SBA CIO Maria Roat is closing in on her goal of a cloud-only agency.

Nov 07 2019

SBA, CBP, USTDA Turn to the Cloud to Keep Work Flowing

Agencies use cloud migration to prevent interruptions in workflow for their employees and customers.

When Maria Roat became CIO of the Small Business Administration in late 2016 — filling a job that had been empty for a year — she found out just how full her hands would be.

“The primary data center was failing,” she recalls. “The air handlers were going out, which was just a symptom of bigger problems.

“For example, when I asked what was in my data center, I got four different lists from my team, and none of them matched. We had equipment outages because we had old equipment, too much equipment, and no one knew what was in there.”

She and her team needed an immediate plan to keep the agency up and running for the more than 30 million small businesses that needed their services. A move to the cloud was the agency’s best bet to improve uptime and access to internal and public-facing applications.

SBA was an early cloud adopter, but today most agencies are on a similar path. Spurred by the federal government’s first cloud policy update in seven years — the 2018 Cloud Smart policy — agencies are evaluating their IT infrastructure and deciding that cloud isn’t just cheaper and easier, it’s also better.

MORE FROM FEDTECH: Follow the 5 R’s of rationalization for an effective cloud migration.

SBA Completes an IT Inventory and Shifts to the Cloud

While the federal government may be late following in the footsteps of traditional enterprise organizations, says John Dinsdale, chief analyst and research director with Synergy Research Group, agencies may see even more benefits than their private sector brethren.

“Federal agencies are no different from large enterprises. They just tend to be bigger, have more sprawling organizations and are less coordinated when it comes to IT,” he says. “So all of the usual cloud benefits are at play, but in addition, even more efficiencies can be targeted.”

The SBA started from scratch, cataloging, rationalizing, updating and patching everything in the dying center. It took a few months, Roat says, before they had a solid handle on what the data center contained, what the agency owned and what data belonged in the cloud. Only when inventory was ­complete did they start the migration.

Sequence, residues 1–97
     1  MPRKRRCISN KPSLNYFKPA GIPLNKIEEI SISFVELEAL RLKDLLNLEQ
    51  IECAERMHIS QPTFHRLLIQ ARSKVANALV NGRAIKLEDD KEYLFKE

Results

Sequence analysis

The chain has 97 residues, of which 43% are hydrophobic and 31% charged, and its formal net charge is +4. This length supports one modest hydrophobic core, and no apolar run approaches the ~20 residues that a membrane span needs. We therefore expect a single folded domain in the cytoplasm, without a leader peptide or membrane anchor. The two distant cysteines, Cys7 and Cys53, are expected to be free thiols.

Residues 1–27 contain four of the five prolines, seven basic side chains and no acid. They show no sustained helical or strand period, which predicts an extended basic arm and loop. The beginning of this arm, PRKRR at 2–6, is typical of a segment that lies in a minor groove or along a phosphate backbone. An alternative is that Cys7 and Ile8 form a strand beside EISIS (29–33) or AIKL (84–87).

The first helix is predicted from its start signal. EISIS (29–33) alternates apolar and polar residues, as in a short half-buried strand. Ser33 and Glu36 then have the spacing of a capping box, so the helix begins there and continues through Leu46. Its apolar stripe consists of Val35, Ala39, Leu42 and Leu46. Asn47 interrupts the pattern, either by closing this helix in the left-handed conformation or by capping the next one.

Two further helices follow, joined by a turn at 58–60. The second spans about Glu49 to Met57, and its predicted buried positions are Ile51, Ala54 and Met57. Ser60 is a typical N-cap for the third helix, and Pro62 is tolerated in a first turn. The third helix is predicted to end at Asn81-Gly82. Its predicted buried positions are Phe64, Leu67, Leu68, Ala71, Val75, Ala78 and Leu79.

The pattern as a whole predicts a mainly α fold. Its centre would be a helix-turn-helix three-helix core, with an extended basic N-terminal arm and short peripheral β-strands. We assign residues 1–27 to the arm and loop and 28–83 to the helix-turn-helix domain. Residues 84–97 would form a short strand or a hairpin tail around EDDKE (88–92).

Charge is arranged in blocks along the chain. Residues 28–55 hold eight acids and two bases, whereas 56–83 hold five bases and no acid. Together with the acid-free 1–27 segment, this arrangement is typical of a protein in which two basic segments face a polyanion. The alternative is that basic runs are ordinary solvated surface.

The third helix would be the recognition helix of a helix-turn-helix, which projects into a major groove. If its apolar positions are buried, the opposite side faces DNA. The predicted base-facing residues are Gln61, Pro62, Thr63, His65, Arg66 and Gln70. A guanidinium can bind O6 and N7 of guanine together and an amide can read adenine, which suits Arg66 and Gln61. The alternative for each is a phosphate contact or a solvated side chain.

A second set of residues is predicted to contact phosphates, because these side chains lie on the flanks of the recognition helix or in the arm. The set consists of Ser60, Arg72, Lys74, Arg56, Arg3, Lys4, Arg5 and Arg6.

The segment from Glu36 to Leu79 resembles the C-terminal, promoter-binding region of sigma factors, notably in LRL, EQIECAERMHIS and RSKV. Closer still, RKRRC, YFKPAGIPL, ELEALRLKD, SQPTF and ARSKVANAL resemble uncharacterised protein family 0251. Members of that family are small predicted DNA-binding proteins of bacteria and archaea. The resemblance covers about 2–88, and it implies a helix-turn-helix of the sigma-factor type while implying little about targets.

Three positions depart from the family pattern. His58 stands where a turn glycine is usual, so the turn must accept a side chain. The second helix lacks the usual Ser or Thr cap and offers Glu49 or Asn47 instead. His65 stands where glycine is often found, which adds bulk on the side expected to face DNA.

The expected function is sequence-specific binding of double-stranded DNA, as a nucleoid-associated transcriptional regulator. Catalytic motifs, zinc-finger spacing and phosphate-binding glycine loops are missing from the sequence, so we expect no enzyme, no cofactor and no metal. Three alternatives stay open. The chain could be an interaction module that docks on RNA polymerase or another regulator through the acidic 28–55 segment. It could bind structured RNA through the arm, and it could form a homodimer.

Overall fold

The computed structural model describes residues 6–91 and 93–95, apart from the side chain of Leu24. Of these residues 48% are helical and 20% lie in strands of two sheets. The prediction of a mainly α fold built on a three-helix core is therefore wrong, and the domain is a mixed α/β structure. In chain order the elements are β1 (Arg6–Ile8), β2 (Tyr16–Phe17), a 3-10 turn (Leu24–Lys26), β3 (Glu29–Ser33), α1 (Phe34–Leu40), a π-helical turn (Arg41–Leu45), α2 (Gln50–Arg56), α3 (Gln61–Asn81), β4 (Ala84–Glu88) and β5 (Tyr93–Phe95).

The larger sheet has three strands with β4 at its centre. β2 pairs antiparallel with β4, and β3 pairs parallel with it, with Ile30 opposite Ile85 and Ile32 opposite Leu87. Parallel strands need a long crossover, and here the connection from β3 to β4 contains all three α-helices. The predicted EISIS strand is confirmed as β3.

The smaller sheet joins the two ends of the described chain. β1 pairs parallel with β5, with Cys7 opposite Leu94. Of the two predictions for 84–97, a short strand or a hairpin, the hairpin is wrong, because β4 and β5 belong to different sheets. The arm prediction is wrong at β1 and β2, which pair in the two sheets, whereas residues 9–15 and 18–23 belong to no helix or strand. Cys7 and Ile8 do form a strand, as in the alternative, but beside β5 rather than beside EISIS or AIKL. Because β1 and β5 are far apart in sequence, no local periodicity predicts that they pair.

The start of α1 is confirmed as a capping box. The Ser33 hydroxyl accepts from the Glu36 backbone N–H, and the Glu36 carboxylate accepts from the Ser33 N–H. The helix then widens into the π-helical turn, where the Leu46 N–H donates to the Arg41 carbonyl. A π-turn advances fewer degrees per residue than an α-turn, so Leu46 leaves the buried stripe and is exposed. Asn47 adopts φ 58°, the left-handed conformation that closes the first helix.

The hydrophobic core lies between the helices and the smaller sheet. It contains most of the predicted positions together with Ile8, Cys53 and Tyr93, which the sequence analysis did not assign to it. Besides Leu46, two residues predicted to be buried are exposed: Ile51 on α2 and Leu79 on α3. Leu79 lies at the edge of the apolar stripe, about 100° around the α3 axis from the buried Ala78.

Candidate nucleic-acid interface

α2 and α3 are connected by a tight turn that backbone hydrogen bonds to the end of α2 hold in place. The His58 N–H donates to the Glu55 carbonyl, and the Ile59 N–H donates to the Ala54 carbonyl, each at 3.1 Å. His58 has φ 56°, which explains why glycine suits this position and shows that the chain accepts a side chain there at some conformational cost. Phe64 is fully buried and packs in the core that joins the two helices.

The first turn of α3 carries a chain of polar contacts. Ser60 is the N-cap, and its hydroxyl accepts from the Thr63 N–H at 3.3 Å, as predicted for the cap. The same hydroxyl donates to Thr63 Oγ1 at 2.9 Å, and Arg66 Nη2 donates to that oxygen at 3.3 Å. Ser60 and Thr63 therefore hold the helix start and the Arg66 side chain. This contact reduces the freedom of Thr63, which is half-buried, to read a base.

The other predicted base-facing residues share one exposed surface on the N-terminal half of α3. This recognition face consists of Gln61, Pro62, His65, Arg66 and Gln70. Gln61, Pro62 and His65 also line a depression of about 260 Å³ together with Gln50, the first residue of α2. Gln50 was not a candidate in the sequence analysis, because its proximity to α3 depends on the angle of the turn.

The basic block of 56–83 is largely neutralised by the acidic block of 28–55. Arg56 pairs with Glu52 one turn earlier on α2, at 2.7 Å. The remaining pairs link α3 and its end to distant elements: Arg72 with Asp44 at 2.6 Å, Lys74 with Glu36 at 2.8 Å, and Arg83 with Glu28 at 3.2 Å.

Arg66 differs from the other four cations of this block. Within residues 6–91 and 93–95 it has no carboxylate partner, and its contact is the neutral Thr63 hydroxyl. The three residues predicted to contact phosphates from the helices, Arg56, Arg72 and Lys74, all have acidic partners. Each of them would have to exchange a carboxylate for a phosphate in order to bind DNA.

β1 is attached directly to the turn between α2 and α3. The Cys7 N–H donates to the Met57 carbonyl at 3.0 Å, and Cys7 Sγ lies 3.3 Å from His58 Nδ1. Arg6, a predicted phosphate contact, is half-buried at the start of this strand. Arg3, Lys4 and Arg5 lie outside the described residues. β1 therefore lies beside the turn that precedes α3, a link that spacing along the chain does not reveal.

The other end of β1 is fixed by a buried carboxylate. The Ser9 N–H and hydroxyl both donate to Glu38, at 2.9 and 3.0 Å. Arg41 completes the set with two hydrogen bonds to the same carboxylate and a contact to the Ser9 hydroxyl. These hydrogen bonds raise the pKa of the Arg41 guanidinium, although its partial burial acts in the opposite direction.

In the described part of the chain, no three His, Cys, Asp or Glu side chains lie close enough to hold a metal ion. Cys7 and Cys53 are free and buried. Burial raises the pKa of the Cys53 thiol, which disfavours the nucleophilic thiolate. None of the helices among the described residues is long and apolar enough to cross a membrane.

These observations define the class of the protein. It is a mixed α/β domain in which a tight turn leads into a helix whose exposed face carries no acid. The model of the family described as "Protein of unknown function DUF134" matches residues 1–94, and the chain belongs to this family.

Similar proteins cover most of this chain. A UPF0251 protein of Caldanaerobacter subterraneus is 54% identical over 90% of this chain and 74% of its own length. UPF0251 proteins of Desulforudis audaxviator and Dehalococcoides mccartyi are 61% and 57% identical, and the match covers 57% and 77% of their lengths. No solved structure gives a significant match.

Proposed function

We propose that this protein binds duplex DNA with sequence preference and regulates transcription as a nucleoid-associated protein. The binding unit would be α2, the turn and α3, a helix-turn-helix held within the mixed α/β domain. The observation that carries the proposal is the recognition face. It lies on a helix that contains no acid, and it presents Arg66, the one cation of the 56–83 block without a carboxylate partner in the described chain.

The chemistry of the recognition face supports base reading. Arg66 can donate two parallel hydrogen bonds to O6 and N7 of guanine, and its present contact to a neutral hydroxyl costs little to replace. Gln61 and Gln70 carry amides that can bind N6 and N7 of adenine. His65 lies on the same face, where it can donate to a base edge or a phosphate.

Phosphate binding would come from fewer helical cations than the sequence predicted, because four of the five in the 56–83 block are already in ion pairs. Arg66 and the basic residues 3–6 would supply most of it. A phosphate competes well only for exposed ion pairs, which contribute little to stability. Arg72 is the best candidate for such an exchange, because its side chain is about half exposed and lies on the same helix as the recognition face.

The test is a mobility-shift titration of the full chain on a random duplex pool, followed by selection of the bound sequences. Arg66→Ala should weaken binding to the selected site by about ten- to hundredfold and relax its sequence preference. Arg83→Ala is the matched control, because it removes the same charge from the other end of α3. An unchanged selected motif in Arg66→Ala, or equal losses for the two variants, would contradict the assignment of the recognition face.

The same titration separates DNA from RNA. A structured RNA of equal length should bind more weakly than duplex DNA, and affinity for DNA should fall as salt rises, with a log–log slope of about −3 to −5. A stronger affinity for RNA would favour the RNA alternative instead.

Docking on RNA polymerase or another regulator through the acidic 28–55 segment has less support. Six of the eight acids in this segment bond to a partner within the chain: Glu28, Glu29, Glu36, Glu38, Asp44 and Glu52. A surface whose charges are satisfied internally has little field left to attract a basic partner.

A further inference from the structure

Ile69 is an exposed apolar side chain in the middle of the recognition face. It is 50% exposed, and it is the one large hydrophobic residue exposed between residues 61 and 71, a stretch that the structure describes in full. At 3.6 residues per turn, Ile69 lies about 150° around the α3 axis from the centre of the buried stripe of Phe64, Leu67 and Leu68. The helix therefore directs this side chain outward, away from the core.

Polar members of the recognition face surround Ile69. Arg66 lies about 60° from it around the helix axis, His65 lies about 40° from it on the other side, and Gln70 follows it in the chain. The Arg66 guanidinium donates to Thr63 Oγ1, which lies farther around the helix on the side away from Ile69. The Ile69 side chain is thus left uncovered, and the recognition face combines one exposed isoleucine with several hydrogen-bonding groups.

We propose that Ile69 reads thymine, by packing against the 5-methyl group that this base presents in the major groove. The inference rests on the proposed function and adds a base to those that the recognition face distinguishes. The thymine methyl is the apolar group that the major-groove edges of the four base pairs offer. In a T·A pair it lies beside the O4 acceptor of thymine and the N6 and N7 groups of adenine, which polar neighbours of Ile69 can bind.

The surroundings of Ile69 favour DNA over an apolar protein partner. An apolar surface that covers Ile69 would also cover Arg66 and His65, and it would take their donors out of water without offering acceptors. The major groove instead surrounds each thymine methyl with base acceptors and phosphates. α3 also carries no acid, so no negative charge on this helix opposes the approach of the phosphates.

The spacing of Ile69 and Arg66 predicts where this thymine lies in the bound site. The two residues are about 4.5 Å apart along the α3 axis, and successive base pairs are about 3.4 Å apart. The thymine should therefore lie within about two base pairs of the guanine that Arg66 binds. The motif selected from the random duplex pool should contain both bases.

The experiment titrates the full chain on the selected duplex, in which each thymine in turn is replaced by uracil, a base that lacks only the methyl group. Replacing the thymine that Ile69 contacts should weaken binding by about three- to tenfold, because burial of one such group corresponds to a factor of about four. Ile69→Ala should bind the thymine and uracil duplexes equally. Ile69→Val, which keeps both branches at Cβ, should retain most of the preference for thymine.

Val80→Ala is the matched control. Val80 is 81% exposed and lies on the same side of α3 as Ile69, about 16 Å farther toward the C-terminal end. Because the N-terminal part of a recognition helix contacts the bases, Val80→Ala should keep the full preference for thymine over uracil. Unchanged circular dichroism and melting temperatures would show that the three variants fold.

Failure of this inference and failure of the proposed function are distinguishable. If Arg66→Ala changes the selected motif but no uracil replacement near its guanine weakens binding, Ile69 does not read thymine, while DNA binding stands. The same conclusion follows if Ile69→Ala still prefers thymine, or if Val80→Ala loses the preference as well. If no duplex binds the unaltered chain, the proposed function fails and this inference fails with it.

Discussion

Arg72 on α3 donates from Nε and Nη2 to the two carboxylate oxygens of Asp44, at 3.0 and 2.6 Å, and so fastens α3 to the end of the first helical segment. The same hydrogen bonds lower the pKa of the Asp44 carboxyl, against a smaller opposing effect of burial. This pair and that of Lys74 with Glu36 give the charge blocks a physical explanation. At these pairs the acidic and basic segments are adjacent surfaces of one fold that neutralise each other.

Small Business Administration CIO Maria Roat
Once we started implementing and moving things to the cloud and completed a network upgrade, there was a lot more stability.”

Maria Roat Small Business Administration CIO

“Initially, we went with Platform and Infrastructure as a Service, because I had a data center here that I really needed to get out of,” says Roat. The agency has since embraced Software as a Service as well, bringing it closer to cloud-only.

The first cloud migration simply moved on-premises applications to their online counterparts. For example, the agency had quite a few Microsoft SharePoint servers, so they transitioned data to SharePoint Online. They also tapped Microsoft Azure and Microsoft Office 365 as well as Box and other cloud-based apps.

Right away, SBA saw more stability in the primary data center for those applications that remained there — and once they got rid of old equipment, migrated applications and turned servers off, the air handlers recovered as well. 

MORE FROM FEDTECH: Discover why feds’ cloud benefits are undercut by data fragmentation.

CBP Gets More Stability with the Cloud 

U.S. Customs and Border Protection began its trip to the cloud to keep travelers’ journeys uninterrupted by technology downtime.

CBP’s Trusted Traveler programs are all accessible through a customer-facing application on its website. Travelers use the app to apply for PreCheck, Global Entry and other programs that ease the way through boarding and customs.

Trusted Traveler was launched in the cloud in October 2017 with a process that differed from previous launches of on-premises applications, says Tom Mills, chief systems engineer in CBP’s Office of Information and Technology.